For the Padres, the addition of Lugo also represents a victory over the rival Dodgers, who were reported to have been in the mix for the right-hander right up until A.J. Preller sealed the deal. San Diego, well on its way to owing more in luxury tax payments in 2023, seems intent on making a run for the division title after ousting the 111-win Dodgers from the postseason last year. Per our depth charts, Lugo’s projected 1.2 WAR improved the Padres’ starting staff — one led by Yu Darvish, Joe Musgrove, and Blake Snell — from a projected ranking of 14th in the majors to 12th, leapfrogging the Dodgers and the Verlander-less Astros, and drawing them just about even with the Giants. Read the rest of this entry »
The Cubs added to their bullpen on Thursday, signing veteran journeyman Brad Boxberger to a one-year deal with a mutual option for a total guaranteed value of $2.8 million. The 34-year-old right-hander is coming off an effective stint just up I-94 in Milwaukee, where he served as a reliable middle-innings complement to Devin Williams and Josh Hader for the bulk of two seasons after signing as a minor league free agent in spring training of 2021. In those two campaigns, he made 141 appearances, posting a 3.15 ERA, a 3.61 FIP, 10.56 K/9, and 1.5 WAR. Despite his effectiveness with the Brewers, Milwaukee declined to bring him back on a $3 million team option last month, and instead he’ll join a young Chicago bullpen that could use some help after ranking 28th out of 30 bullpens in 2022 in WAR, 25th in situational wins, and second in blown saves.
Thanks to the circumstances of his contracts, Boxberger will end up with a higher guarantee moving forward than he would have if the Brewers had picked up his extra year. According to president of baseball operations Matt Arnold, Boxberger was exposed to waivers and went unclaimed prior to Milwaukee’s decision, which told him that “the market did not value him at the level of the option value.” After they declined, Boxberger was issued a $750,000 buyout and signed for a guarantee of just $200,000 less than the option value, giving him an effective guarantee of over $3.5 million. The structure of his new deal fits the Cubs’ somewhat recent signature of a one-year deal with an unlikely mutual option, giving him a base salary of $2 million in 2023 with an $800,000 buyout on a $5 million dollar mutual option for 2024. Read the rest of this entry »
On a busy Tuesday at the Winter Meetings, the Cubs filled a hole in their outfield, signing centerfielder Cody Bellinger to a one-year deal with a mutual option for a second year, totaling $17.5 million in guaranteed money. The agreement gives the former MVP a change of scenery in his campaign to revive some version of the five-tool player who posted 7.7 WAR in his third full season at the age of 24 back in 2019 but has battled injuries and struggled mightily at the plate since then. For the Cubs, it’s a bet on a 27-year-old who they can reasonably expect, if healthy, to be no less than a solid defender in center field with a possibility to contribute a lot more value at the plate. It also means a chance to introduce some clarity into their 2023 outfield picture; barring further changes, Bellinger will join a pair of 28-year-olds in Ian Happ in left and Seiya Suzuki in right to form a capable starting unit for a team that was forced to employ a bit of a revolving door strategy in center in 2022.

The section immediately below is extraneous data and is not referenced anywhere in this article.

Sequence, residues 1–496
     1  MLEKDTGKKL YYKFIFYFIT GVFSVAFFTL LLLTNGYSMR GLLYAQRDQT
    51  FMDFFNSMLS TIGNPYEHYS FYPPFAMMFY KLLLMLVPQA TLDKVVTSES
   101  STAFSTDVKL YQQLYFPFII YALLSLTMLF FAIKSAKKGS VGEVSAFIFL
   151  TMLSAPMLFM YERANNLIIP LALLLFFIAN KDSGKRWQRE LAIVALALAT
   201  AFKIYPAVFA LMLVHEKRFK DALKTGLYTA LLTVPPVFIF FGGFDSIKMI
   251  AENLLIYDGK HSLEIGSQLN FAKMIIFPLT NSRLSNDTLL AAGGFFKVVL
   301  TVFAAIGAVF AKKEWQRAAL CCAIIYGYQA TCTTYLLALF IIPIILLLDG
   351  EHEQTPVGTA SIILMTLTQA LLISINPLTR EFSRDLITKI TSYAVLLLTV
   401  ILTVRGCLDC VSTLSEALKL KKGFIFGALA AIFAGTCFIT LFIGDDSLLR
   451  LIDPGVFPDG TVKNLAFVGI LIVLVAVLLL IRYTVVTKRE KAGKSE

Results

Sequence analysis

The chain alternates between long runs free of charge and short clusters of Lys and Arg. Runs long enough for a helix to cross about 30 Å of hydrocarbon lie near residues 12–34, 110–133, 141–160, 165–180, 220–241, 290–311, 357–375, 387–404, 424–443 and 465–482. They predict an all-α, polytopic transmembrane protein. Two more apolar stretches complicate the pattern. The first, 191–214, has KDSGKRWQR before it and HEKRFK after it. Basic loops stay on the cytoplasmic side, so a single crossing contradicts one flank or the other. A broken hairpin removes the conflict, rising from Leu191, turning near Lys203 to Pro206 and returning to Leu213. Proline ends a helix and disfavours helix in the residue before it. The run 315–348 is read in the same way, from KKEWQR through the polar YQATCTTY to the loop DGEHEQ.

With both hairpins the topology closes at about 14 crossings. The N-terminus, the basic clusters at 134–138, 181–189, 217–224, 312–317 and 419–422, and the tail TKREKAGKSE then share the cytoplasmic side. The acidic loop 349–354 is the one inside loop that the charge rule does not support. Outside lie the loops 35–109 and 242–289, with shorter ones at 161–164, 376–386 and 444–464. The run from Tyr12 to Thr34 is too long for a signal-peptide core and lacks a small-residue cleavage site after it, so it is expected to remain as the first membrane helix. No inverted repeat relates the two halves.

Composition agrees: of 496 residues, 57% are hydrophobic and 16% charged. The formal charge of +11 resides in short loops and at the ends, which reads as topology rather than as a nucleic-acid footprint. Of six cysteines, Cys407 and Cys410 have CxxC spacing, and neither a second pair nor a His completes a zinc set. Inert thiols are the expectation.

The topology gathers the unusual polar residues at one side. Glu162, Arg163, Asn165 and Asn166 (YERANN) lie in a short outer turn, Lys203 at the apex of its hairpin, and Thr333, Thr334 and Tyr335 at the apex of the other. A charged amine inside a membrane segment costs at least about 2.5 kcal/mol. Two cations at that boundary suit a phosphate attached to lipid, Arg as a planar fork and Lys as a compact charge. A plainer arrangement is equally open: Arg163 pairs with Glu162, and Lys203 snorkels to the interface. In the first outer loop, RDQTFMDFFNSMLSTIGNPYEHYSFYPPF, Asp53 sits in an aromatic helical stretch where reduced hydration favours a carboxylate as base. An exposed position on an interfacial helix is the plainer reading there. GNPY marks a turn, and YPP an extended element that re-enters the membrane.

The $17.5 million guarantee comes split over the next two years, as Bellinger will earn $12 million in 2023 with a $5.5 million buyout on the mutual option for the second year of the contract. This structure has become somewhat of a signature for the Cubs, who have signed a number of one-year deals with mutual options in the last couple of offseasons, including with Mychal Givens, Drew Smyly, and Jonathan Villar in 2022 and Jake Arrieta, Jake Marisnick, Joc Pederson, and Andrew Chafin in ’21. Mutual options are exceedingly unlikely to be picked up; in all likelihood, either the player did well enough in year one of the contract to want to test free agency or poorly enough that the club is unwilling to pay its end of the option. But the structure allows the team to offer a higher guarantee on a short-term contract while limiting its annual commitments under the salary tax and effectively deferring some portion of the money. For Chicago, Bellinger represents the beginning of what team president Jed Hoyer has indicated will be a busy offseason; just a few hours later, the Cubs signed right-hander Jameson Taillon to a four-year, $68 million deal. Attracting talent like Bellinger while managing to keep a good chunk of guaranteed money off the 2023 books is a great way to keep other doors open across the market. Read the rest of this entry »